It’s a long-known fact that Japan is facing acute population decline which could devastate the country’s economy. A report commissioned by the government in 2012 stated that, without policy change, by 2110 the number of Japanese could fall to 42m, i.e. just a third of its current population.
Currently, around 2% of Japan’s population is foreign and the United Nations estimates that unless its fertility rate increases, Japan would need to permit the entry of about 650,000 immigrants a year to stabilise the situation.
Given the country’s notoriously anti-immigration stance it looks unlikely that Japan will open the floodgates to outsiders anytime soon, however, a revision to the Immigration Law was recently passed enabling highly skilled foreigners to gain permanent residency (PR) in as little as three years (opposed to 5-10 years for most foreigners).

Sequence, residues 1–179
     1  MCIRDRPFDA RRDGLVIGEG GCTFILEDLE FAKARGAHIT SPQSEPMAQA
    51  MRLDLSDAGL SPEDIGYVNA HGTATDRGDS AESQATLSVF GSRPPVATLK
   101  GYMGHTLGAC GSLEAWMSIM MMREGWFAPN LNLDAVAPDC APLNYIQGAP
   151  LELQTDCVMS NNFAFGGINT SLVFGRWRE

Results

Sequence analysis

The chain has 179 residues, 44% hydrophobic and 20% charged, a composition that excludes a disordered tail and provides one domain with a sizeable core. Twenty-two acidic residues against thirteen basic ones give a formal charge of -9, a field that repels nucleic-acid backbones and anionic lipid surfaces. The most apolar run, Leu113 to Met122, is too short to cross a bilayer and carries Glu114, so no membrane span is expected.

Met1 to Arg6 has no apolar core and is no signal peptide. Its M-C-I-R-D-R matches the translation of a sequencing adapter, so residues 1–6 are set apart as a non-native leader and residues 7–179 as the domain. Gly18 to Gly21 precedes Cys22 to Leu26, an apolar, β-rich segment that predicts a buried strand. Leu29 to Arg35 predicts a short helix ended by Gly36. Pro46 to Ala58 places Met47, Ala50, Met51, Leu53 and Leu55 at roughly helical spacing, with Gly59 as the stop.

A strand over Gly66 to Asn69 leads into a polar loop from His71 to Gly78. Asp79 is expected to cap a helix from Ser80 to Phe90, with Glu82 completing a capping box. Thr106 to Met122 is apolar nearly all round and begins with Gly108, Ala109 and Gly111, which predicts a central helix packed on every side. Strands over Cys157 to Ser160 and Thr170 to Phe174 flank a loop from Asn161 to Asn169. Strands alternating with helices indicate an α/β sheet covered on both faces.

Eligibility is still based on the points system which was introduced in 2012 whereby foreign professionals engaged in three categories of work are eligible for “preferential immigration treatment”:
- Academic research activities
- Specialised/technical activities
- Business management activities
You need to score 70 or more points based on the following criteria (full breakdown):
- Academic background – higher level degree is better
- Professional career – longer is better
- Annual salary (above 3m yen) – higher is better
- Age – younger is better
- Education (bonus) – degree or other qualification gained in Japan is better
- Language abilities (bonus) – N1 or equivalent level is better
Permanent residence status is indefinite and allows any paid activity. Spouses may also work in Japan, and their parents and domestic helpers will be allowed to join them. It also makes things like getting a credit card or a home loan far easier.
It sounds like the new rules will be in a “trial” period until the 2020 Olympics. Pessimistically it could just be a political manoeuvre to curry international favour and, like with the Internet freedom for Chinese users after the Beijing games in 2008, be curtailed as fast as it had been opened.
The revised law will not come into effect until April 2015 but if you think you might be eligible then it’s worth contacting an Immigration Lawyer or the Immigration Bureau directly. If you have any further information please leave a comment below.